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3. Be there for them: Paradoxically, parents should also know how to not become overly involved in everything that is related with their teens. While the teens are chafing at the bit, they are not equipped to make all decisions in their lives, so leaving them to their own devices at all times and giving them complete freedom as some parents are proud to announce, is not recommended. I have seen instances where the teens are left to party while parents go elsewhere. Or they are sent to restaurants with the parent’s credit card. Undoubtedly, your teen will experiment with alcohol or drugs or their friends will. Adult supervision is required until as a parent you are sure that your child will not misuse the freedom and can resist peer pressure. Similarly, if you find your teens style of dressing offensive, establish limits. Punk hair cut is alright, but trousers displaying underwear is a NO. Even if your teen grumbles, they will be secretly relieved that the decision is taken out of their hands. If it is a course of education, have a joint discussion about options open before your child, but do consider their interests. Never force your interest on them.

4. Comparisons are odious: Appreciate them for what they are. All children have strengths and weaknesses. To keep extolling your neighbor’s child’s virtues or you sister’s daughter’s style quotient is doing neither of you any good. Your child will feel alienated and let down by you. Besides, individual differences are an attribute of human beings. Here one size does not fit all. Encouragement works more effectively than discouragement. Identify your teen’s strengths and interests and help build on these from much earlier on. Being a rock for your child will give them a confidence that nothing else will.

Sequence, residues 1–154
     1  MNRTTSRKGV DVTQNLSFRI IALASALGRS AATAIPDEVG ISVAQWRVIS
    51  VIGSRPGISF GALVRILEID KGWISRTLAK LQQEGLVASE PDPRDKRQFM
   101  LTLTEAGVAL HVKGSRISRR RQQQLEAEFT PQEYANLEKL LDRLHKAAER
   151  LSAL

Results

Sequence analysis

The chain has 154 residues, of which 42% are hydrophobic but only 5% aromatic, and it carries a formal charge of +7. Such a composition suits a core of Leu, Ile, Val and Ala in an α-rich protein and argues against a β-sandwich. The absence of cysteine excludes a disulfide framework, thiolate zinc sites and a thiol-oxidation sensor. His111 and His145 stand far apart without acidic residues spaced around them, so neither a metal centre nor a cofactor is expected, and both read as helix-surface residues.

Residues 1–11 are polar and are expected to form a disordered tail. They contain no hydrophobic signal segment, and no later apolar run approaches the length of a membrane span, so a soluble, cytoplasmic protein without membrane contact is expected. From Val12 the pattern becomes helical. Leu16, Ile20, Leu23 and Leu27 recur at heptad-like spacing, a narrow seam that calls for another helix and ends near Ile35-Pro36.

5. Control begets rebellion: It is a misconception that the more people are controlled the better they will behave. Even in his recent book- “David and Goliath”, Malcolm Gladwell has written in favor of involvement and encouragement rather than control. Control can take the form of criticism, micromanaging, offensive remarks, comparisons with others or emotional blackmail. Of course, in extreme cases parents move in to control physically often stepping into the realm of abuse. That, however, is another discussion.

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I cannot stress enough that this is the time when parents either keep their teens or lose them. People often complain that their children do not keep in touch with them when they leave for college or work, much later on. I strongly suspect that the rift is created well before that – during their teenage years. Many teenagers are happy to leave home and this has nothing to do with the excitement of starting a new life; and that should be a point of deep introspection.